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Palladium uses

Compared to gold, silver or platinum; palladium is a relatively fledgling metal in the investment market, and yet despite this, it was for a few years the most valuable of the four precious metals, overtaking even gold. The driving force behind this impressive price climb is a combination of the uses palladium has, and how rare it is. Recent years however have seen palladium fall back in price.

Palladium bullion coins, just one of palladium's uses.
Palladium is slightly more reactive than some of the other PGMs (platinum group metals), and will dissolve in nitric acid, sulfuric acid and hydrochloric acid. Palladium is the softest, least dense, and has the lowest melting point of all the PGMs. All of these properties help make palladium a unique, and highly useful, precious metal. It is these industrial uses of palladium that have helped it become the most expensive of the four main precious metals.

What is palladium used for?

Palladium is used for a range of industries, but the automotive industry is it's primary source of demand. Below are some of the top uses of palladium across a range of industries.

  • Catalytic converters – The biggest use of palladium by a large margin, is in the automotive industry, and specifically catalytic converters. Palladium acts as an excellent catalyst, and helps turn some of the polluting compounds expelled as part of an internal combustion engine into less harmful components. These compounds – such as hydrocarbons and nitrogen – are highly damaging to humans and the environment, and have been subject to strict regulations in recent years. For years platinum was the metal of choice for manufacturers but, as prices climbed, they turned to palladium as the viable alternative.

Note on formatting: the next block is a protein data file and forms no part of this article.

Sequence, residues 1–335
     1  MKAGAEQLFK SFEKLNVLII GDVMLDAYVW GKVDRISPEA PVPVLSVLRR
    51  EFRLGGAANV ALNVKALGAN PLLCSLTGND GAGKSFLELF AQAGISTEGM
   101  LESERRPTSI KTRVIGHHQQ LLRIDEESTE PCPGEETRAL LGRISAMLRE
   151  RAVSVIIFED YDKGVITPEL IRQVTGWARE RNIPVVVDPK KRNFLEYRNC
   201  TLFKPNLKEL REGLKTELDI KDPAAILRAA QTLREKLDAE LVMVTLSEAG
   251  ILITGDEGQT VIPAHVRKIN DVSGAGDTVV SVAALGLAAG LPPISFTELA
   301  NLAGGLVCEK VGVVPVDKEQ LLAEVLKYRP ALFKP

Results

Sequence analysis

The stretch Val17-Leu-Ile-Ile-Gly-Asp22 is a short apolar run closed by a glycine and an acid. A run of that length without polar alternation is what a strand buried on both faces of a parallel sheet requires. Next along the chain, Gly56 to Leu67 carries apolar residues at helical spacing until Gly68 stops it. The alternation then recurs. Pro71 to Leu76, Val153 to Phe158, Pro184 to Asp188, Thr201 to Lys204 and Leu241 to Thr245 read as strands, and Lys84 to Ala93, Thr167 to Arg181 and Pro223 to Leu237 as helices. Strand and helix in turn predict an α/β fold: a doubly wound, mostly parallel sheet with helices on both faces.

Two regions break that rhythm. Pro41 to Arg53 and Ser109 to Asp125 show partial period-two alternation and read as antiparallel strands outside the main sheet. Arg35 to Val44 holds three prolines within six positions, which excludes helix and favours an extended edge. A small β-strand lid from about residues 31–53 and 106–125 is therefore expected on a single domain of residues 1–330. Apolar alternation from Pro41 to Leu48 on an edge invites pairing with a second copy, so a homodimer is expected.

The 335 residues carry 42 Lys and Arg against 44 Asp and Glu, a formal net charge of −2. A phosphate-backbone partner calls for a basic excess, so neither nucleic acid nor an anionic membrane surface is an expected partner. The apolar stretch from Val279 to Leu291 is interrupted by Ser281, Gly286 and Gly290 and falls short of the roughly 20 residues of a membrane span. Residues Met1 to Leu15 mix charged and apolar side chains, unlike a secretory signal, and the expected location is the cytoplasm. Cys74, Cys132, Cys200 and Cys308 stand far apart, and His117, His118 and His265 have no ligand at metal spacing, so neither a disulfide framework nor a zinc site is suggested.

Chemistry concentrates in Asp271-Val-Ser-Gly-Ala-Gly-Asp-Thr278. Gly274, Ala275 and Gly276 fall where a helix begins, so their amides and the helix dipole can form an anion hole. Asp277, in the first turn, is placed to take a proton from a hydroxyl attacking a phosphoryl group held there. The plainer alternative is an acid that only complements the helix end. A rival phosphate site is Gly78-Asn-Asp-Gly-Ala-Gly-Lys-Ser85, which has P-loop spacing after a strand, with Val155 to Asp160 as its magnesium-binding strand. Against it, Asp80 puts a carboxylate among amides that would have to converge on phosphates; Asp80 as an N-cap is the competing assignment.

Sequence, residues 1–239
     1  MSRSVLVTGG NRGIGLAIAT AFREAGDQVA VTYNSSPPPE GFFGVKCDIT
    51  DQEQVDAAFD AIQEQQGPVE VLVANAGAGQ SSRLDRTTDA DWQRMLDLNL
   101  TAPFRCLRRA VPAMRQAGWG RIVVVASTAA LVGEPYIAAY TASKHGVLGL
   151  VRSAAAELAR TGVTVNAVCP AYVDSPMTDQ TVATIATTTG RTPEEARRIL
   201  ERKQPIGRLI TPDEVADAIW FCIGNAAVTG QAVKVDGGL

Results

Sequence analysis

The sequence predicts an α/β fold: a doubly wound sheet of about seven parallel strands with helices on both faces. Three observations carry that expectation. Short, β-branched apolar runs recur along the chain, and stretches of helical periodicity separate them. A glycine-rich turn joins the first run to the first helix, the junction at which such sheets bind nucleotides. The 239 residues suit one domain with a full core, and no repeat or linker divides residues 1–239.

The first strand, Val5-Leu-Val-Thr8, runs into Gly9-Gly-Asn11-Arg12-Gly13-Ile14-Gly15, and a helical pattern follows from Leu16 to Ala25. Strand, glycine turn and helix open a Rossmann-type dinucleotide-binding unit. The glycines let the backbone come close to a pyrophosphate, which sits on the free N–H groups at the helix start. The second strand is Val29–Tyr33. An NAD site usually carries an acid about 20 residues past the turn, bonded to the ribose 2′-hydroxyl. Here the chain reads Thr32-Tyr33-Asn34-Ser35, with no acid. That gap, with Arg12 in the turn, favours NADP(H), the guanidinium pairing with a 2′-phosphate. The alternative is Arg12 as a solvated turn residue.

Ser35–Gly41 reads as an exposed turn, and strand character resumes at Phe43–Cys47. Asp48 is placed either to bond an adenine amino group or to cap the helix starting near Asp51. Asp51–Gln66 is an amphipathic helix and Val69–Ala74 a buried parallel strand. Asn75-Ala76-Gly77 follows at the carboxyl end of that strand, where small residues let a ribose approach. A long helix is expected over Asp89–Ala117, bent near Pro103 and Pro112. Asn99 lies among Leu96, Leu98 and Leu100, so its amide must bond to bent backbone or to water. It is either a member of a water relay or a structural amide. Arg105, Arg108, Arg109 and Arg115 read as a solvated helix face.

• Precious metal investment – As the current highest valued precious metal, it should come as no surprise that palladium is now highly valued as an investment asset. Palladium coins have been issued since 1966, and today a number of mints and refiners produce coins and bars made from this extremely valuable metal.

  • White gold jewellery – Although yellow gold is traditional for jewellery, white gold is also a popular choice, and palladium is one of the metals that is used in white gold alloys. Palladium is also used itself for jewellery in purer forms, usually at 950 fineness due to its softness.

  • Electronics – In the electronics industry, palladium is used for electrical contacts, in ceramic capacitors and for soldering materials.

  • Dentistry – In dental amalgams small amounts of palladium are used to help fight against corrosion, and increase the lustre of the filling. This is typically done at less than 0.5% palladium; with mercury, silver, tin and copper commonly making up the rest.

  • Transverse flutes – Professional, concert-grade flutes, are often made of precious metals. Although sterling silver is a common material, palladium is sometimes used to produce the tubes inside these flutes.

  • Photographic printing – Similar to silver, palladium salts are often used as a light sensitive material used in printing. Palladium salts produce a unique tonal quality that was used extensively in the late 19th century, and today are used in artistic appreciation of the style.

  • Hydrogen purification and storage – Palladium’s ability to absorb hydrogen has seen it used to purify, and safely store, the highly volatile element hydrogen. This is useful for fuel cells; hydrogen is a highly efficient fuel source and finding ways to store large amounts safely could help power technologies of the future. In particular, nano-particles of palladium have been found to be even more efficient in absorbing hydrogen, and research is ongoing into how this can be used.

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